For myself, Teenage Engineering’s OP-1 has been an indispensable addition to my synth arsenal: partly because it produces sounds I can’t find elsewhere and partly because it’s so incredibly easy (and yes, even fun) to use. (See video below.)
The color-base interface took me by surprise! There’s practically no learning curve for adjusting the eight separate sound engines (and effects) — the machine is highly visual in this regard. In fact I love handing my OP-1 to non-musicians and watching them as they almost instantly begin “programming” a sound. For a performer, this kind of ease-of-use is power: to effortlessly turn a few knobs and get to the sound one is after. No fiddling around. In this regard, the OP-1 is a musician’s instrument.
The portability is a nice plus. I can throw it into a backpack, take it anywhere, sketch out an idea for a song anywhere (using it’s built-in “four-track recorder” which operates much like a reel-to-reel tape). They advertise the batteries to last 16 hours… I haven’t tested that, but I have no frustrations in that regard.
More coolness about the OP-1:
* It has four intelligently designed sequencers that I absolutely love and continually use.
* Teenage Engineering occasionally releases new system updates with added functionality (new synth engines, new drum machines, etc…) And new new accessories, such as pitch bending knob and crank wheels for added functionality.
* It features both a built-in microphone and a built in FM-radio for sampling.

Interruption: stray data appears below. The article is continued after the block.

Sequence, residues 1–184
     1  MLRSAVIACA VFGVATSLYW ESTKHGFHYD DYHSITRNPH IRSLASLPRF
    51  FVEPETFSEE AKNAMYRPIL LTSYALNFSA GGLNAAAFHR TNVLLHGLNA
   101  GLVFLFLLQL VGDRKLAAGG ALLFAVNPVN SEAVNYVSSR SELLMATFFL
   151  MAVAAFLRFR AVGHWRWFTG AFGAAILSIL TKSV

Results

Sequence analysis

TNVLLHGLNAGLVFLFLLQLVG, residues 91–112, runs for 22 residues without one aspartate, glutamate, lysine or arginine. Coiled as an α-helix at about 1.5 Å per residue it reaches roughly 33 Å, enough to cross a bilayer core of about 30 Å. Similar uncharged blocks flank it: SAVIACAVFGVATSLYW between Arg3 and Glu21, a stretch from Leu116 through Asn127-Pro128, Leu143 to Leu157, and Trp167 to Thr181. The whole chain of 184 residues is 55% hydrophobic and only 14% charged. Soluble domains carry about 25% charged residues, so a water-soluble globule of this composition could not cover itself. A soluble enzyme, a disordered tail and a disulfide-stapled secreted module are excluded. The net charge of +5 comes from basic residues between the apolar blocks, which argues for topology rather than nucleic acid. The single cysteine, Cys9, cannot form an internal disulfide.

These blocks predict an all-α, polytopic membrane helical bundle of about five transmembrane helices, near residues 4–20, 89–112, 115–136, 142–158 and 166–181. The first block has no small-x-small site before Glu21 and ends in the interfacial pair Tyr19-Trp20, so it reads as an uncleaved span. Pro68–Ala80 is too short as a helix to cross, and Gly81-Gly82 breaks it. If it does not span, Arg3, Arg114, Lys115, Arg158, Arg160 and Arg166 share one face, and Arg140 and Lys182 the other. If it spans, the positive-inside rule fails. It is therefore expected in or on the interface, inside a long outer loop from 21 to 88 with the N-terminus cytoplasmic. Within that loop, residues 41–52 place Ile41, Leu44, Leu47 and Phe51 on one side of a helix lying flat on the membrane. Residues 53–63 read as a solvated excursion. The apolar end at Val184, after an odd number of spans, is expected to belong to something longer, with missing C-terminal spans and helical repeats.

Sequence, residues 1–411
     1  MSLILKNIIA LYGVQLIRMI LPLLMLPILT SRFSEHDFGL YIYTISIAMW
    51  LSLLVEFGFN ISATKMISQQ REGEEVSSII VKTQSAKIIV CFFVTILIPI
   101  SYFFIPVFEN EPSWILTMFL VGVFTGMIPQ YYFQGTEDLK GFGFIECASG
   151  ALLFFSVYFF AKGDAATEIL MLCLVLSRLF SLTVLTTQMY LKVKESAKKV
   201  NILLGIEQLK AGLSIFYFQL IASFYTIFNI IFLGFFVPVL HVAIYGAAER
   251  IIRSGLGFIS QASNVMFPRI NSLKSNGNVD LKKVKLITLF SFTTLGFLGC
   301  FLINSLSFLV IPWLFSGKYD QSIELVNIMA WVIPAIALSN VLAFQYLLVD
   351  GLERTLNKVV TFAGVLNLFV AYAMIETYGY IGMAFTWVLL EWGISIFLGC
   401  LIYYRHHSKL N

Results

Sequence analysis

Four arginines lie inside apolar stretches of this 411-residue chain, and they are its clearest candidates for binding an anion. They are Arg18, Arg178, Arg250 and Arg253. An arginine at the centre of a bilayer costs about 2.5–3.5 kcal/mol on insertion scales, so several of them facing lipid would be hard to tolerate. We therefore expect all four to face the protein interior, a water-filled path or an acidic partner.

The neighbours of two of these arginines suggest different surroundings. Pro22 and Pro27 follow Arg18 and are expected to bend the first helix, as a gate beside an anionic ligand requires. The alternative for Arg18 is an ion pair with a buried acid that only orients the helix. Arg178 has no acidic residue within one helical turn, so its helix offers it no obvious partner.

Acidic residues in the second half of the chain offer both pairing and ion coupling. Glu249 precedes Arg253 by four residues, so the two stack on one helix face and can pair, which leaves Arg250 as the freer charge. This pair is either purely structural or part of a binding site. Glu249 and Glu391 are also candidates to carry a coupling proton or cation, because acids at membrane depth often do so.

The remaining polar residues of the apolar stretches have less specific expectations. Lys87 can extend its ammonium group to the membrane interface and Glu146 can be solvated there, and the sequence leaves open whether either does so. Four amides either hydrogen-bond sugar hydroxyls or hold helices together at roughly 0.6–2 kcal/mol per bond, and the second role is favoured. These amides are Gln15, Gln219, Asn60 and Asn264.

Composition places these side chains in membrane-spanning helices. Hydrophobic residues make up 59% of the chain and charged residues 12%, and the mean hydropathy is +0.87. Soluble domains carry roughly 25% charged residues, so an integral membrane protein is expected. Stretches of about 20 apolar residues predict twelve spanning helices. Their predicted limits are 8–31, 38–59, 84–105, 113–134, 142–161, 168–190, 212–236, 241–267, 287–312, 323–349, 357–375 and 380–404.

Is there anything bad about the OP-1? Yeah, its price. $849 is a lot to spend on any hardware synth where software synths are beginning to cost less and less.
I do wish the keyboard was more substantial. The Korg NanoKey midi controller is just a little larger and it has a nice resistance (and is velocity sensitive), whereas the keyboard on the OP-1 feels a bit cheap.
Is is a toy? I don’t believe so. I just produced a movie soundtrack and I often used the OP-1 for sounds I couldn’t achieve with any other synth. As an electronic musician, I now depend on it. It may not be for everyone, but it’s a great machine for use in the studio and, because of its small size and ease of use, it’s probably an even better instrument for use on stage.
The interface of the OP-1 is entirely color-based and very intuitive. For
example: the knob changes the blue number on the screen, the white knob
changes the white number. The above video (about one of the
sequencers) demonstrates this. — Robyn Miller